It’s hard to believe Claude Giroux is about to turn 34 years old this coming January. It seems like yesterday that the six-time All-Star was regarded as one of the NHL’s rising young stars.
In what is now his 15th season in the NHL, it would hardly be shocking for Giroux to see a serious statistical regression. Father Time is undefeated after all, and every player who has ever taken an NHL rink eventually experienced a decline — especially once they hit their 30s.
Giroux, though, seems to be playing some of the best hockey of his career.
The Philadelphia Flyers are only six games into their 2021-22 season, but in those six games, Giroux has been nothing short of remarkable. He already has four goals and as many assists under his belt, and judging by some of the plays he’s made in the season’s early going, there are probably a lot more points to come.
The Flyers’ top line of Giroux, Sean Couturier and Travis Konecny has been one of the best in the NHL to start the season. Not only has the trio posted stellar scoring numbers — they’ve already combined for 10 goals and 13 assists — but their advanced metrics have been impressive as well. Through 67 minutes of 5-on-5 ice time together, the line has logged a 57.02 Corsi For percentage, a 57.14 Goals For percentage and a 52.63 Expected Goals For percentage.
Unquestionably, Giroux has had a lot to do with the line’s success (though it also helps that Couturier has emerged as one of the most complete centers in hockey).
This isn’t the first time Giroux’s experienced a resurgence of some kind in his career. After a four-year regression in scoring numbers from 2013-14 to 2016-17, Giroux put together his most statistically productive season as an NHLer in 2017-18 with a career-high 34 goals and 102 points.
Currently, Giroux is on a 109-point pace. And, again, he turns 34 (!) in January.
Giroux’s continued productivity is obviously an excellent development for the Flyers. Thanks largely to his exceptional play, the team is off to a strong start to the season and appear more than capable of contending with some of the league’s top squads — they’ve already taken down the Bruins and Connor McDavid’s Oilers.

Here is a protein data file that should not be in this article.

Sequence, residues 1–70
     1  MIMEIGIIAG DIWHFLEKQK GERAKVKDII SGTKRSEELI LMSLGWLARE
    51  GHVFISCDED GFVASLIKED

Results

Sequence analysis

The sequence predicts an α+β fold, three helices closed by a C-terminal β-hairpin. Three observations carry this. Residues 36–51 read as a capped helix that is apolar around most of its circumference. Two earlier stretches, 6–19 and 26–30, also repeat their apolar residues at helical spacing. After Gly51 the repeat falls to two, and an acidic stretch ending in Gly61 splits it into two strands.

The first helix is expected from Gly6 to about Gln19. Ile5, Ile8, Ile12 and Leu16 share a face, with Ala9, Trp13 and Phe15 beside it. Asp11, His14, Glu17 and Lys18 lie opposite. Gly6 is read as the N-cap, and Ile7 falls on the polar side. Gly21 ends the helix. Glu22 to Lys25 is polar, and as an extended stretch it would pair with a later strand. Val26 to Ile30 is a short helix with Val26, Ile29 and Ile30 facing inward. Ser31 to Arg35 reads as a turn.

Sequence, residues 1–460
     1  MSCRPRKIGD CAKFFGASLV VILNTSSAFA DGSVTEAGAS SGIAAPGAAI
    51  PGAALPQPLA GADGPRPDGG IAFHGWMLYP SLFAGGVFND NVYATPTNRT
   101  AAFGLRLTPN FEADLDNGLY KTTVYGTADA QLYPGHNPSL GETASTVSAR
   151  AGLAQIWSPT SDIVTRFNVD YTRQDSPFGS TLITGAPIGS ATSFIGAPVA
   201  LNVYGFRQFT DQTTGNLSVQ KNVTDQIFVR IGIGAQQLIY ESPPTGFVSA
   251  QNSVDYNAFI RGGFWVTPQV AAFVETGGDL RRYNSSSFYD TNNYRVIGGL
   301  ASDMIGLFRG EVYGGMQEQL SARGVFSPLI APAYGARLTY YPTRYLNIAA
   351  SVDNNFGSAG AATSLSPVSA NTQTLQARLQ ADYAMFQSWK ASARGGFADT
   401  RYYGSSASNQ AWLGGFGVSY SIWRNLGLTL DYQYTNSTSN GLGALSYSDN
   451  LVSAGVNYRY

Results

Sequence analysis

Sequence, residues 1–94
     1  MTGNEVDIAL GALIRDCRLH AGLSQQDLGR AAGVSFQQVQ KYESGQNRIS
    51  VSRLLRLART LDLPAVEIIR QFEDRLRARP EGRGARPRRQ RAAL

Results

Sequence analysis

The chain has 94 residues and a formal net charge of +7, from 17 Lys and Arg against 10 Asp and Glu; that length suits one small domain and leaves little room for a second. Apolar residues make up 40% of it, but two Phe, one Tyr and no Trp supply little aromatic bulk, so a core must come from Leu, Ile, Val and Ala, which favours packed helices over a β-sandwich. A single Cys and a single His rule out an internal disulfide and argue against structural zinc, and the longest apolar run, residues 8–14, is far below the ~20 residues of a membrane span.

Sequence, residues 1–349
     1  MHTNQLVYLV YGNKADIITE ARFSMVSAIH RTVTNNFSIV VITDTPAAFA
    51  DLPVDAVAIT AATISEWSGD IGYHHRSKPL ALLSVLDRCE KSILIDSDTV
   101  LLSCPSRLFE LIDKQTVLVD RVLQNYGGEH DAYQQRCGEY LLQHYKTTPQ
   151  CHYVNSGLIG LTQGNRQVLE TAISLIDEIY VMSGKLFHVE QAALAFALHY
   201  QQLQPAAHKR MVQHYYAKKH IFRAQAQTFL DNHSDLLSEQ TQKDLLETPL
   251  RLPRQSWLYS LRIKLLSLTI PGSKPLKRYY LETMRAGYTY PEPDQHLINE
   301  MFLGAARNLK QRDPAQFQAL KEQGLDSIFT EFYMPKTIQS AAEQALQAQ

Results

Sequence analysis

But there’s a problem.
Giroux is in the final year of his contract (worth $8,275,000 annually) and is set to become an unrestricted free agent this summer. And right now, he is not playing like someone who’s bound to take a major discount.
As things currently stand, the Flyers have precisely $136 (one hundred and thirty-six dollars) in projected cap space (per CapFriendly), and they are not expected to get much relief in the offseason. If anything, general manager Chuck Fletcher may need to perform some financial gymnastics in order to keep Giroux in a Flyers sweater, especially with Couturier and Joel Farabee both receiving major pay raises next season.
If the Flyers were to let all of their pending unrestricted free agents — including Rasmus Ristolainen, Justin Braun, Keith Yandle and Martin Jones — walk in free agency, they would be left with roughly $14 million to re-sign Giroux and fill roster holes, which doesn’t give them a ton wiggle room in the construction of their 2022-23 roster.
Several cheap, young prospects like Cam York, Wade Allison and Morgan Frost have been pounding on the door to earn roles in the NHL, and their elevation to the big club would be crucial to the Flyers’ offseason cap management. But relying on young players to fill roster holes can be risky. If they prove unfit to contribute consistently in the NHL, the Flyers could be forced to look externally to fill the voids, which can end up being costly.
Still, it’s not totally unthinkable that reliable veterans can be signed at a fair value. Derick Brassard is a prime example of this. The Flyers signed the 34-year-old to a one-year contract worth just $825,000 over the summer, and he’s averaging a point per game to start the season while centering the second line in Kevin Hayes’ absence. Despite his strong play, though, a player like Brassard probably shouldn’t be counted on to perform at such a high clip over a full season. What Brassard is doing now may not be witchcraft, but it’s likely not sustainable either.
While the Flyers’ cap situation is far from ideal, there is one variable that could squash all anxiety about Giroux’s future with the team: Giroux himself.
It’s no secret that Giroux wants to play out his entire career Philadelphia. He has never played for any other NHL franchise, and at this point, he’s fully cemented his legacy as one of the greatest players to ever wear a Flyers sweater. While he may not be playing like someone who deserves a pay cut, it’s not totally out of the realm of possibility that he could willingly accept a discount in order to maximize the Flyers’ chances at winning their first championship in nearly half a century.
But that’s far from a guarantee. Two years ago, Joe Pavelski willingly left the San Jose Sharks — the only team he had ever played for — months after they fell just two games shy of advancing to the Stanley Cup Final. If Giroux feels he’d have better odds at winning a Stanley Cup elsewhere, he could take the same path.
However, that’s not something Giroux, or the Flyers, are worried about at this time. Both he and the team have agreed to wait until the offseason to negotiate a potential contract extension, and so far, Giroux is proving to the Flyers that he is still every bit as good as he was when he was in his prime.
It’s hard to envision the Flyers letting their captain walk away for nothing, but keeping Giroux around may end up being far more expensive than anyone anticipated.